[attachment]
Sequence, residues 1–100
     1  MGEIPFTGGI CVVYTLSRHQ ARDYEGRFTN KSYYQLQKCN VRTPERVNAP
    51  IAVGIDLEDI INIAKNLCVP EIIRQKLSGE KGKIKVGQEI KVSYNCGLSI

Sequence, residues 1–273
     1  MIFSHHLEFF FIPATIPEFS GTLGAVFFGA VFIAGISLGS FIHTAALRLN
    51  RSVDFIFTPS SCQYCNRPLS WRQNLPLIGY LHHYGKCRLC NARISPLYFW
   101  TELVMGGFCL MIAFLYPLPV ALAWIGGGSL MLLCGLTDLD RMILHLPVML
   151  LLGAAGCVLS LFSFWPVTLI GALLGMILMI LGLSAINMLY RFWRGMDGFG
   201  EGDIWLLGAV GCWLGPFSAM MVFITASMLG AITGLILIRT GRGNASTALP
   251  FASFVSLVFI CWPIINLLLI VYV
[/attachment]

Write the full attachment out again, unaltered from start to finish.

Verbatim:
Sequence, residues 1–100
     1  MGEIPFTGGI CVVYTLSRHQ ARDYEGRFTN KSYYQLQKCN VRTPERVNAP
    51  IAVGIDLEDI INIAKNLCVP EIIRQKLSGE KGKIKVGQEI KVSYNCGLSI

Sequence, residues 1–273
     1  MIFSHHLEFF FIPATIPEFS GTLGAVFFGA VFIAGISLGS FIHTAALRLN
    51  RSVDFIFTPS SCQYCNRPLS WRQNLPLIGY LHHYGKCRLC NARISPLYFW
   101  TELVMGGFCL MIAFLYPLPV ALAWIGGGSL MLLCGLTDLD RMILHLPVML
   151  LLGAAGCVLS LFSFWPVTLI GALLGMILMI LGLSAINMLY RFWRGMDGFG
   201  EGDIWLLGAV GCWLGPFSAM MVFITASMLG AITGLILIRT GRGNASTALP
   251  FASFVSLVFI CWPIINLLLI VYV